The Biblical Nature of Diversity

The Biblical Nature of Diversity

By: Elise Barnes

I’m often hesitant to speak on racial and ethnic diversity even though God has profoundly shaped my own

personal testimony through cross-cultural experiences. This concern exists because I’m aware of the fact

that I have rarely ever been a part of the minority.

Most of the time I’m not in a true minority position. I am a woman, and in some cases that makes me a

minority. But I am a white woman in America. The only experiences I’ve had that allowed me to

personally identify with minorities were experiences that I intentionally placed myself into for a time. I

had to intentionally move to locations where the primary racial or cultural environment was not “home”

to me. It was not my own.

My experience growing up has been similar to many people in the church. Unless you have personally

made the decision to cross a cultural, racial, or ethnic border, you have most likely not experienced

diversity within the church. Statistically, our churches are ten times more segregated than their

surrounding neighborhoods and twenty times more segregated than their nearby schools.

That’s the reality of the American church today. But what I’ve been learning is that diversity is deeply

biblical and it should be pursued and celebrated in the church.

There are three main reasons I want this conversation to continue…

1) Because It’s biblical to pursue a multicultural church. From the beginning of scripture to the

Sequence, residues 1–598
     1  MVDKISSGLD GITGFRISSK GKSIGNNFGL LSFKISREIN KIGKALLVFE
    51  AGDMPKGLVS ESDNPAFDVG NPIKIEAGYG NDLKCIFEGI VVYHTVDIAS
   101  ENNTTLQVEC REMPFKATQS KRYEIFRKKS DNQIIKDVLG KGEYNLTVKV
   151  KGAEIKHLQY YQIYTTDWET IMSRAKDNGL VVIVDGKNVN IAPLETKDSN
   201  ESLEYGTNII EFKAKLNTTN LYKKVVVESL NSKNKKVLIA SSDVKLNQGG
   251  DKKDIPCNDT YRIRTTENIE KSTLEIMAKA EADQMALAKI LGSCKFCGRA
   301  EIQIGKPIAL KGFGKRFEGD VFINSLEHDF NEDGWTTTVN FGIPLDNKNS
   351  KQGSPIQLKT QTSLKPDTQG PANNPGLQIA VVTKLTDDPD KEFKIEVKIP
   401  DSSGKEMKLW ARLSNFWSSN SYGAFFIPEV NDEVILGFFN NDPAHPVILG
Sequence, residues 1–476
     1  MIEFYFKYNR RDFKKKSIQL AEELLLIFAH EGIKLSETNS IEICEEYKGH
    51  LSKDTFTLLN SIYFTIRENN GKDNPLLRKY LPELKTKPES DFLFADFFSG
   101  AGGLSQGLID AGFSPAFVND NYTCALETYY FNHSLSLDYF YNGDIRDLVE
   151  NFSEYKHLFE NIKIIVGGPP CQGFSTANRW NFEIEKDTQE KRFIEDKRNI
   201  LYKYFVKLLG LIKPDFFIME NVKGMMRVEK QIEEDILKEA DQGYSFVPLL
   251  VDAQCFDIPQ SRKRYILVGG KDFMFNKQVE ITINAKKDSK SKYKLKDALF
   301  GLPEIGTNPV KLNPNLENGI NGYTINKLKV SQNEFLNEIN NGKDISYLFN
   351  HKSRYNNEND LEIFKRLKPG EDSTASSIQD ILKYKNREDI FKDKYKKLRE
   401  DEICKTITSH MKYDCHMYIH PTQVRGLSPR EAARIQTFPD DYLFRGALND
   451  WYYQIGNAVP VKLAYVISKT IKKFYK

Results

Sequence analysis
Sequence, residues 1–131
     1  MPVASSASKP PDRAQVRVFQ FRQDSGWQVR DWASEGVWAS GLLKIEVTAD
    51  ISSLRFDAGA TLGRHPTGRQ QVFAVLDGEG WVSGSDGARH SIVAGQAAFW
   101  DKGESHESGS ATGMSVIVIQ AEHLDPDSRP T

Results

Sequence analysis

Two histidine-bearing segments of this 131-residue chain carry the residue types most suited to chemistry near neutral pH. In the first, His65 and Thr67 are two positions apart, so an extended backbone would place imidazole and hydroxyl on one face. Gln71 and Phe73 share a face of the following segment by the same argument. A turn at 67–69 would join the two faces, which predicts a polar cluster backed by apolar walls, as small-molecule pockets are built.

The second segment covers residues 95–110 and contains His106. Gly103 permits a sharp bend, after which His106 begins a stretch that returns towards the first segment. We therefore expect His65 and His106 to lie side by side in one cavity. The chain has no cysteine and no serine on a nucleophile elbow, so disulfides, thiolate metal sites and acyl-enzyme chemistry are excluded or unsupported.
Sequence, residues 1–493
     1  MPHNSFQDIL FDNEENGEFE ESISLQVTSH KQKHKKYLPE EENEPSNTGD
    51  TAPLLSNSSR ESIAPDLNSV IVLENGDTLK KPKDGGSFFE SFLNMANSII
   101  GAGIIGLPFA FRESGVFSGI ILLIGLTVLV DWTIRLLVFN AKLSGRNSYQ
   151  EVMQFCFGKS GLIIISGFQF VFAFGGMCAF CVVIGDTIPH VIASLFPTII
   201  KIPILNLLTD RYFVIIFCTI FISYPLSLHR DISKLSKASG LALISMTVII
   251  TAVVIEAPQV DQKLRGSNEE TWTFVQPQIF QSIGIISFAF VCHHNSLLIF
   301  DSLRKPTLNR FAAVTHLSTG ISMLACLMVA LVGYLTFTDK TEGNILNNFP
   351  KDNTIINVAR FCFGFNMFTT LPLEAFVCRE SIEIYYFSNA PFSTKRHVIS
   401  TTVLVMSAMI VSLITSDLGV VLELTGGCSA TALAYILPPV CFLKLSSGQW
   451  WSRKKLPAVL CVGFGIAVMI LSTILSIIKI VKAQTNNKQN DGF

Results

very end, the Bible presents God’s heart for all people of the world. It’s not about any one

racial, ethnic, or cultural group.

2) Because our churches may be missing out on a key aspect of what it means to be the church. If

that’s true and diversity is biblical, it’s not reflected in our teaching, and it’s certainly not

reflected in our congregations.

3) Because the church is often guilty of staying quiet about important racial, ethnic, and cultural

issues.

It might come as a surprise to many that instead of sitting beside you on the pew on Sunday

morning, if Jesus were walking the streets of America today he would be walking in Ferguson or

drinking water in Flint, Michigan. He would be a refugee, or a homeless man. In a cultural

comparison, Jesus fits into these categories of our modern societies much better than our

churches.

While I was growing up, even though my family attended one of the largest churches in our community, racial and cultural diversity was nearly non-existent in our church. Our body of believers did not reflect the diversity in our area at all. Unfortunately, that’s not uncommon. Often, diversity hasn’t been incorporated into our church curriculum either. For example, our illustrations of the Bible often exclusively portray biblical figures with white skin. This may seem relatively harmless to many American Christians. But our tendency to view the Bible exclusively through our own cultural lens can become harmful. According to Curtiss Paul DeYoung, “In today’s context of racial and ethnic fragmentation, it is essential to rediscover the wide cultural diversity of biblical peoples.”